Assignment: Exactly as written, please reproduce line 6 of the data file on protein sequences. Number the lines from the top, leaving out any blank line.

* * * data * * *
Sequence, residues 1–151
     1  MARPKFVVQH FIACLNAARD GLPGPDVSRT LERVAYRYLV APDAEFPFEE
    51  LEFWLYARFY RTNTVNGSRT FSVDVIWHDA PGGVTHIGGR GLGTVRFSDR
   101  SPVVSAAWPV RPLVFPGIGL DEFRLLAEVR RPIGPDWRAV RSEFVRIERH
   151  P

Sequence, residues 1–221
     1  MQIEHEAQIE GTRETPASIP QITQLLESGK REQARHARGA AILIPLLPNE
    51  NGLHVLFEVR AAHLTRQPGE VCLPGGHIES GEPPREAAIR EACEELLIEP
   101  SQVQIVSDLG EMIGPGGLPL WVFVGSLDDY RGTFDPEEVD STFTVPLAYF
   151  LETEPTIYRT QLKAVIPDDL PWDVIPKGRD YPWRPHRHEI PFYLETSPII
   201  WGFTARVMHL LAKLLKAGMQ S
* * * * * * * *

Sequence, residues 1–221